Seven brief fictions, if they have enough narrative to be called that.
I hadn’t trimmed my beard or hair for six months. A woman walked up to me on the street and barked in my face — r-r-rarf! arf! — then rejoined her laughing friends.
I had kissed her once in a rose garden.
His father, who had buried both parents and a sister without a tear, cried for hours when his favorite cartoonist died.
The stripper smells of cotton candy and sweat. She whispers something in your ear. You catch the word “death.”
He went barefoot only in bed and the shower; she danced naked on the balcony. Their friends knew the marriage was doomed, and hung back from the impending carnage.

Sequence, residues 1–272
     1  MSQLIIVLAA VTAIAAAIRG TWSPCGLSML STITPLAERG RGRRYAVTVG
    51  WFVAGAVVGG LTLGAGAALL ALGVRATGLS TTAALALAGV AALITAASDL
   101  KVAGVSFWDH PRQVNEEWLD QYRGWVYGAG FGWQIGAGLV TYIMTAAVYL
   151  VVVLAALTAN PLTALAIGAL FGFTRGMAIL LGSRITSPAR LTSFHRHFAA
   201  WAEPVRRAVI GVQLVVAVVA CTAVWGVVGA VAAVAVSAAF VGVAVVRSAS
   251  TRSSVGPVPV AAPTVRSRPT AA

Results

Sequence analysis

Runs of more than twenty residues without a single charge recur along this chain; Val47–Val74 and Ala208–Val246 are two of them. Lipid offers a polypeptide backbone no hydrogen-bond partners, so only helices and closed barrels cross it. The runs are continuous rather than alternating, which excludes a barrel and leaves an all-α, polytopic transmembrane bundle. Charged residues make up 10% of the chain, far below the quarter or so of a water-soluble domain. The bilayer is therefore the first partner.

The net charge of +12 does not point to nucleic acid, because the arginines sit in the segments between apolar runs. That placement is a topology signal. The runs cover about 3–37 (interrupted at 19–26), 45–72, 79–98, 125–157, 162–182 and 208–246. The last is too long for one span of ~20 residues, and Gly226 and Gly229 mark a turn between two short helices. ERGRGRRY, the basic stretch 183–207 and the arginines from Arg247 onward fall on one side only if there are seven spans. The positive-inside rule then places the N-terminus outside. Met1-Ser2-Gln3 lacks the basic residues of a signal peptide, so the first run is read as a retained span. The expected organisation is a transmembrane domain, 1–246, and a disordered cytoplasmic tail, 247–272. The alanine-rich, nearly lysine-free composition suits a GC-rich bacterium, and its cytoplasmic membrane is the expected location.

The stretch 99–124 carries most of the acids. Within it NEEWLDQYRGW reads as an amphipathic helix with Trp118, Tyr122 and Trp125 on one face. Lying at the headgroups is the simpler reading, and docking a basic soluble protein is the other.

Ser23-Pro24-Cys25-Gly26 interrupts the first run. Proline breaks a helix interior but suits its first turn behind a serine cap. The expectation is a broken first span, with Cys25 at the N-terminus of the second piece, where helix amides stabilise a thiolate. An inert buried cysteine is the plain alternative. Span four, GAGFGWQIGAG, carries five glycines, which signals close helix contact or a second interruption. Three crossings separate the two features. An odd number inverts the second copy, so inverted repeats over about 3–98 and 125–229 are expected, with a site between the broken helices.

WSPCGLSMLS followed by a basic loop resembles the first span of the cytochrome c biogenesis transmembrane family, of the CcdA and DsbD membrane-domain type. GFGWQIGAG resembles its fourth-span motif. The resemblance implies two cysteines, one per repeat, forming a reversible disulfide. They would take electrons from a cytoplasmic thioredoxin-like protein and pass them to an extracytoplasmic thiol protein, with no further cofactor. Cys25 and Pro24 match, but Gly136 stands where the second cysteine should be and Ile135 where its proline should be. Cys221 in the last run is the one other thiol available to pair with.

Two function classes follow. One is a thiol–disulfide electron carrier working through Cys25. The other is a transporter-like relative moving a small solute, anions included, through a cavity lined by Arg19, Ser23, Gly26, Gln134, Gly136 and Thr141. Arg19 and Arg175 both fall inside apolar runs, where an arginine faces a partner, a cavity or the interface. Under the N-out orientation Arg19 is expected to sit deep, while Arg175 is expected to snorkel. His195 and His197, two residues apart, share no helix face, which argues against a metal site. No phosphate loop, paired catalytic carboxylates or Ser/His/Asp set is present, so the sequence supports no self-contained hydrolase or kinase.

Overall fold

Finding themselves isolated, they clung to one another. He forced himself to wear sandals without socks. She learned to love the drag of fabric during sex.
Despite teaching geology, he still expects limestone to taste like limes.
She had learned to sleep through the gunshots, choppers and sirens of her new neighborhood, but would often lie awake until morning waiting for the next yip from the neighbor’s spaniel.
Once, she could name the seven races of ETs, the ten pre-human civilizations, and the nineteen ranks of demons. Her faith wandered off when she forgot to feed it. Now that she was alone again, it came nosing at the door.